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The Romance of England: Richard Coer De Lyon, Saracens, Jews, and the Politics of Race and Nation

The Romance of England: Richard Coer De Lyon, Saracens, Jews, and the Politics of Race and Nation


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The Romance of England: Richard Coer De Lyon, Saracens, Jews, and the Politics of Race and Nation

By Geraldine Heng

The Postcolonial Middle Ages, edited by Jeffrey Jerome Cohen (New York, 2000)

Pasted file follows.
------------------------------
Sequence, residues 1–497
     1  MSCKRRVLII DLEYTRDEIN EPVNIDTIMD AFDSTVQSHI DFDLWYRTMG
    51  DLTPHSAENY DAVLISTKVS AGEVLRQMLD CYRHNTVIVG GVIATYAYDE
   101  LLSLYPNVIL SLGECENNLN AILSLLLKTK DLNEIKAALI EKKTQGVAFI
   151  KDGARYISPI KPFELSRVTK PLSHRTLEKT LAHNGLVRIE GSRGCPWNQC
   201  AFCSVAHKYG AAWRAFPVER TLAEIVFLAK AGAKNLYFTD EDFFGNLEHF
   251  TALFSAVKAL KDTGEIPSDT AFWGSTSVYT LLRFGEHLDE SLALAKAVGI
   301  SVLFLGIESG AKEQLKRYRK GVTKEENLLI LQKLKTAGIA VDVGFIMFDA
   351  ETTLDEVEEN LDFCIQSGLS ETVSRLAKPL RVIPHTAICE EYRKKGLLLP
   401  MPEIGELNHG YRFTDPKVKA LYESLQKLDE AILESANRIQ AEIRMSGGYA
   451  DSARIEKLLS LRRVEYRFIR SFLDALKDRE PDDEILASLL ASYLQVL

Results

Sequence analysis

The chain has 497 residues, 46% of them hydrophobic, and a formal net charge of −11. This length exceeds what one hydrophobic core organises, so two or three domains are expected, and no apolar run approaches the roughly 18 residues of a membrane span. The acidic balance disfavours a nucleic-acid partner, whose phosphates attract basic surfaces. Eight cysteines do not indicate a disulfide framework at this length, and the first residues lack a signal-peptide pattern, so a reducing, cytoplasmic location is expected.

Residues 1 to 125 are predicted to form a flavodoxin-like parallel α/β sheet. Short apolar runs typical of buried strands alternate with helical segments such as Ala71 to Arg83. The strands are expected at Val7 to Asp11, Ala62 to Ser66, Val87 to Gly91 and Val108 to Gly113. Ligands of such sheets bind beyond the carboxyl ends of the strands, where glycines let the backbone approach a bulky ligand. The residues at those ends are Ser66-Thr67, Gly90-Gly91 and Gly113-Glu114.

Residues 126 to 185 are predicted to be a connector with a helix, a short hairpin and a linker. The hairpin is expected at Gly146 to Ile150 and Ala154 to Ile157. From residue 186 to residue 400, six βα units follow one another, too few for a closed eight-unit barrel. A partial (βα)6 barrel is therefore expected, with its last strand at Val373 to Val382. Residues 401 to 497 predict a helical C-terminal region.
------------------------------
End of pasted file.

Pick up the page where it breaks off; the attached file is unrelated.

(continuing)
Introduction: At the heart of one version of the thirteenth/fourteenth/fifteenth century romance, Richard Coer de Lyon – whole Middle English text recount, in romance mode, the putative history of the Third Crusade of Latin Christendom against the Islamic empire of Saladin in the Levant – is a spectacular story of cannibalism performed by the king of England, Richard I. During his siege of the Muslim-occupied city of Acre, the story goes, Richard falls ill from the travails of his sea journey to Syria, the unnatural cold and heat of the local climate, and the unsuitable “mete and Drynk” that his body endures on campaign. Richard’s illness is historically documented; but what follows as cure is purest romance.


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